Whatever the strength of the protection-of-civilians mandates given to peacekeeping operations, they will be effective only if the operations themselves are beyond reproach. That is why we welcome the policies implemented by the Secretary-General to ensure that the work of the United Nations fully respects human rights. The zero-tolerance policy for sexual violence, the limiting of contacts with persons indicted by the International Criminal Court to that which is essential to the mission of the Organization, and the due diligence and filter policies are indispensable to the work of peacekeeping operations. They guarantee the exemplary conduct that is required of the Organization. Compliance with those policies guarantees the credibility of the Organization’s work in protecting civilians.
The effectiveness of peacekeeping operations in the protection of civilians also requires closer communication to be developed with local communities in order to build capacity to prevent and react to threats. That includes, of course, a linguistic component and the appropriate means for logistics and communication, such as the recruitment of community liaison assistants.
The French Mission regrets that the Secretariat does not believe that language skills should be an essential element considered for recruitment in the field. The French Mission recalls, as it has been doing in vain for several years now, that speaking the language of the populations can be useful — even if that language is French. As in previous years, I will not be heard, and as in previous years, the Secretariat will continue to recruit without taking language skills into account, and I have been the representative of France for five years now.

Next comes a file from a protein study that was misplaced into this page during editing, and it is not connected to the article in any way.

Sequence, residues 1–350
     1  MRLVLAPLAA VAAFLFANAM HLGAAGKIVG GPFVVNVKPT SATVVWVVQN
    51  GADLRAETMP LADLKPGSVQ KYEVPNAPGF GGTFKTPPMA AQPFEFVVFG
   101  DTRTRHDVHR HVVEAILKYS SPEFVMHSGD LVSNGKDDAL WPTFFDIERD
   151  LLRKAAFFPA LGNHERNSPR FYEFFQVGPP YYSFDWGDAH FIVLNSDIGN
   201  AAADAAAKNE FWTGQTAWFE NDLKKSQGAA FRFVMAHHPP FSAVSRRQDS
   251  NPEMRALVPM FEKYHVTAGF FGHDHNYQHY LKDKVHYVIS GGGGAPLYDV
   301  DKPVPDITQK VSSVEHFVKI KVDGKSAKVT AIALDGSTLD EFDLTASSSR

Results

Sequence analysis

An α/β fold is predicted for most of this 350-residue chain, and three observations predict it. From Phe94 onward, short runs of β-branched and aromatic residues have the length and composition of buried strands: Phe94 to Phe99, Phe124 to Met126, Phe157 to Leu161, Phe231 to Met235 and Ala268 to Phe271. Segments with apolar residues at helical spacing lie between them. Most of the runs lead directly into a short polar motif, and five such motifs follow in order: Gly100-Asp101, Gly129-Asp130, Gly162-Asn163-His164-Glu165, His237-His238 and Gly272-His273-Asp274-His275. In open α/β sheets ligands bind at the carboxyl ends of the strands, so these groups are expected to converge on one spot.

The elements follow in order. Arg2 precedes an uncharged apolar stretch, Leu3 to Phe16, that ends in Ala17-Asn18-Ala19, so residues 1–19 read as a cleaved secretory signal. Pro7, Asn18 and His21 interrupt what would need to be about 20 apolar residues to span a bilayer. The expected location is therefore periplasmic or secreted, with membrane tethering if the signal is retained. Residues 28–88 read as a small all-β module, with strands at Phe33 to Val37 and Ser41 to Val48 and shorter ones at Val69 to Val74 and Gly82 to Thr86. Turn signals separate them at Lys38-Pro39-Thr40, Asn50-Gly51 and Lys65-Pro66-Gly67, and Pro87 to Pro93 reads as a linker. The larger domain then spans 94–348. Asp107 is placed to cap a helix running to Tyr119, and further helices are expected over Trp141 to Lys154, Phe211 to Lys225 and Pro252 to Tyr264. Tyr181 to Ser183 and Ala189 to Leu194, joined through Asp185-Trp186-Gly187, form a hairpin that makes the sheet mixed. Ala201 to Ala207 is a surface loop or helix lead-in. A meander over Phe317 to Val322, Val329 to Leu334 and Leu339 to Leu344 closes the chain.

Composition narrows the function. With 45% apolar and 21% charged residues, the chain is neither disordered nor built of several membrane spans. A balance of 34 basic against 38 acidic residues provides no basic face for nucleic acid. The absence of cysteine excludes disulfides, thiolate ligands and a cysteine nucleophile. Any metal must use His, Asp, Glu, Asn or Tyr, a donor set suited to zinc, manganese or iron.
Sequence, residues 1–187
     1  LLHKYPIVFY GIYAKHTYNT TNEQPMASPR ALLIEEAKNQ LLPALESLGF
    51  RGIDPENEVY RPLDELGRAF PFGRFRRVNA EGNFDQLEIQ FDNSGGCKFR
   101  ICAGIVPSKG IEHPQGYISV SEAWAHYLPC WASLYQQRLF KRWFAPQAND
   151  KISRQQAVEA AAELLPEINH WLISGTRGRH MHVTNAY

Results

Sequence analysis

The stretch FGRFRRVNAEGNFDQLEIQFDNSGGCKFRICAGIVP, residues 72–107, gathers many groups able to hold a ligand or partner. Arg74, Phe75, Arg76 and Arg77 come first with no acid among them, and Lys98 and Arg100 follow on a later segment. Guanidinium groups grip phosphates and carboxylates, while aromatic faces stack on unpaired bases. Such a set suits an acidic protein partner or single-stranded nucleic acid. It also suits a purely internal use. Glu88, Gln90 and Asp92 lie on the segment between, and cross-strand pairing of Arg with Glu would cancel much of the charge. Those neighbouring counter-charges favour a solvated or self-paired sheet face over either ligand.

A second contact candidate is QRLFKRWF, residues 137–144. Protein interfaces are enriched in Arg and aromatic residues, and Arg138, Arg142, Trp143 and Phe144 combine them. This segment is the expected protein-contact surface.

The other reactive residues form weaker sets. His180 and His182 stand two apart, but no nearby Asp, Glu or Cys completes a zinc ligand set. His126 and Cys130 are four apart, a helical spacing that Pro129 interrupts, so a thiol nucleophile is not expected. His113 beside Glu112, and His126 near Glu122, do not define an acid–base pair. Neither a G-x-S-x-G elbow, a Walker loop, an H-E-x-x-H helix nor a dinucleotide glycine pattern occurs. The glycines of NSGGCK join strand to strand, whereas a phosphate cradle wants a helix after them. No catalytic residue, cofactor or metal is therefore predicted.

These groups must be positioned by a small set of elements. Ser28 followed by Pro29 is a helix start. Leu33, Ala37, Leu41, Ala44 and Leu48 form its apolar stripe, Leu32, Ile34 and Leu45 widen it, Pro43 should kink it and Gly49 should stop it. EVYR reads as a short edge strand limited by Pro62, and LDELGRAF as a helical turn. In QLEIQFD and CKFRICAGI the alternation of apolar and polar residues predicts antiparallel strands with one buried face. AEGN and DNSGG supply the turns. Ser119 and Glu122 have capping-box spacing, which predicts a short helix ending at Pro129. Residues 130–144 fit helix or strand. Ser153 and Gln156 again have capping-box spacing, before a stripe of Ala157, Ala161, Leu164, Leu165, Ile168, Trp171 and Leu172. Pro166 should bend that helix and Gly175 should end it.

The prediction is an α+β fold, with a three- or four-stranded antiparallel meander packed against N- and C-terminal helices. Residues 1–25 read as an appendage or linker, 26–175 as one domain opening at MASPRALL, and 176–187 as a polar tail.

I will conclude by referring the situation in Syria. As the Geneva negotiations on the future of Syria resume, the regime continues to intensify its crackdown against civilians. Barrel bombings have continued in Aleppo, again causing several hundred civilian deaths last week. While an agreement led to the evacuation of civilians from Homs, humanitarian aid convoys leaving the Old City have been attacked by mortar fire. Those deliberate attacks against civilians and humanitarian workers are unacceptable. The Council can no longer accept such repeated and flagrant violations of international humanitarian law, the primary responsibility for which lies with the regime. It must therefore call upon all parties to ensure immediate access for humanitarian aid to those in need.
The text of the draft resolution submitted yesterday by Australia, Jordan and Luxembourg is moderate. We would have preferred a stronger message, given the gravity of the crisis. But the text is a compromise to which all countries of good faith and goodwill should agree.
Furthermore, given the sense of impunity prevailing in Damascus today, the Council must send a clear message: the perpetrators of war crimes and crimes against humanity in Syria, starting with Bashar Al-Assad, should be brought to justice. That is why we once again reiterate our call for the Council to refer the situation in Syria to the International Criminal Court.